Heel pain can make walking and standing very uncomfortable, but there are some exciting new approaches to treating heel pain. Experienced podiatrist Ernest L. Isaacson, DPM PC, is an exceptionally well-qualified foot and ankle expert who provides the highest quality services in the Murray Hill neighborhood of Manhattan in New York City. If you have heel pain, Dr. Isaacson and his team provide both tried and tested treatments and new, advanced therapies for conditions like plantar fasciitis. Call today to schedule a consultation or book an appointment online.

Heel Pain Q & A

What is heel pain?

Heel pain affects the sole of the back of your foot, sometimes spreading into the arch or up the heel into your ankle. There are several possible causes for heel pain, including:

  • Calluses
  • Fissures
  • Spurs
  • Plantar warts
  • Haglund’s deformity

However, the most common cause of heel pain is plantar fasciitis.

What is plantar fasciitis?

Running along the bottom of your foot is a piece of connective tissue known as the plantar fascia. The plantar fascia connects the base of your toes and the center and arch of your foot to your heel. It provides you with arch support as well as acting as a shock absorber.  

If your plantar fascia develops inflammation, it’s called plantar fasciitis. The inflammation is due to the plantar fascia experiencing excessive stress that causes the fibers to stretch and sometimes tear.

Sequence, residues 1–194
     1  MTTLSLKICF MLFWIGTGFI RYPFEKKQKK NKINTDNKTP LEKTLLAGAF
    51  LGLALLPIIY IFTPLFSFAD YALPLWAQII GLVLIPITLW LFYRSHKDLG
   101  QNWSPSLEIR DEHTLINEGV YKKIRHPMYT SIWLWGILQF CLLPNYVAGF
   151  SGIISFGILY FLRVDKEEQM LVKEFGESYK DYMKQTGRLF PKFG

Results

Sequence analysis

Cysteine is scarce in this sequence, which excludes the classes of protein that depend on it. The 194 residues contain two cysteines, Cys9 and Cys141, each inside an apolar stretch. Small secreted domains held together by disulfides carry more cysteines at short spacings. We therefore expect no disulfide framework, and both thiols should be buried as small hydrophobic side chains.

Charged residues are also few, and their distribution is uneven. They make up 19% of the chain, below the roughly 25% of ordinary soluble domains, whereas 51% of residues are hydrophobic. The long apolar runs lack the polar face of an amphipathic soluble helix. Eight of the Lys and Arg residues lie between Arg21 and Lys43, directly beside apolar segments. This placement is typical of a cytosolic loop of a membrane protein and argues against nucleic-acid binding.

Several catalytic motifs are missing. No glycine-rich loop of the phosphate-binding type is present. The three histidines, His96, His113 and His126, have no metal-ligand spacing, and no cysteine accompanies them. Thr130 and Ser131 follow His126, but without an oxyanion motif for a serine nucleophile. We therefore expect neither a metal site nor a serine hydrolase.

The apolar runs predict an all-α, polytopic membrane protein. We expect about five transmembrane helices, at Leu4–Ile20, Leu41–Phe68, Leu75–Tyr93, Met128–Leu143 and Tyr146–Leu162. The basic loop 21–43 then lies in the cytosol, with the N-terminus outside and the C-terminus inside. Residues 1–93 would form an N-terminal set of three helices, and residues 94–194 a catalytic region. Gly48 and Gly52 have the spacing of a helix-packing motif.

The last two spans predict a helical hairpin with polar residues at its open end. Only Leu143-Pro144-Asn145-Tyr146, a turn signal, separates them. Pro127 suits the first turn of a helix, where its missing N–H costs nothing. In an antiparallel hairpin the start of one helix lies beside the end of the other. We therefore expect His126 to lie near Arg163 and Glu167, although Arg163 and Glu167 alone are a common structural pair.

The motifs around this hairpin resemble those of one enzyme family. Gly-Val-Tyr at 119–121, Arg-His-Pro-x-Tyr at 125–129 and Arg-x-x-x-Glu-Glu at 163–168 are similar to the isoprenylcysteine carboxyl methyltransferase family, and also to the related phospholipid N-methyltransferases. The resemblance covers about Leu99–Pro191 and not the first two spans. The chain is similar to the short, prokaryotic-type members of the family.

You’re more likely to develop plantar fasciitis if you’re between 40 and 60 years old, have high arches, stand on your feet for long periods, are overweight, or take part in sports and other activities that can overload the plantar fascia.

How is heel pain diagnosed?

Plantar fasciitis causes quite distinctive symptoms that can help Ernest L. Isaacson, DPM PC, to make a diagnosis.

With plantar fasciitis, the pain in your heel is likely to be worse when you first get up in the morning, or after you’ve been sitting or standing for a long time. The pain fades as you first get moving, but returns if you keep going.

To confirm the diagnosis, or find the cause if you don’t have plantar fasciitis, you might need X-rays or an MRI scan of your feet.

How is heel pain treated?

For most patients, appropriate noninvasive treatments resolve the pain of plantar fasciitis and other causes of heel pain.

You should rest the affected heel and apply ice packs to ease the inflammation. The Ernest L. Isaacson, DPM PC, team can show you how to exercise your foot to help heal and strengthen the plantar fascia. Athletic tape can also help support the plantar fascia when applied correctly.

Wearing night splints and custom-fitted arch supports or orthotics can take the pressure off the plantar fascia, and you should wear shoes that support your feet correctly and have a sensible heel height. Flat shoes like ballet pumps can be just as bad for your feet if you have heel pain as wearing too high a heel.

If these approaches aren’t helping to reduce heel pain, Ernest L. Isaacson, DPM PC, can discuss other options with you, such as:

  • Steroid injections
  • Tenex procedure
  • Extracorporeal shockwave therapy
  • Plantar fascia release surgery

The sooner you begin treatment for heel pain, the more likely you are to recover fully, so call Ernest L. Isaacson, DPM PC, today or book an appointment online.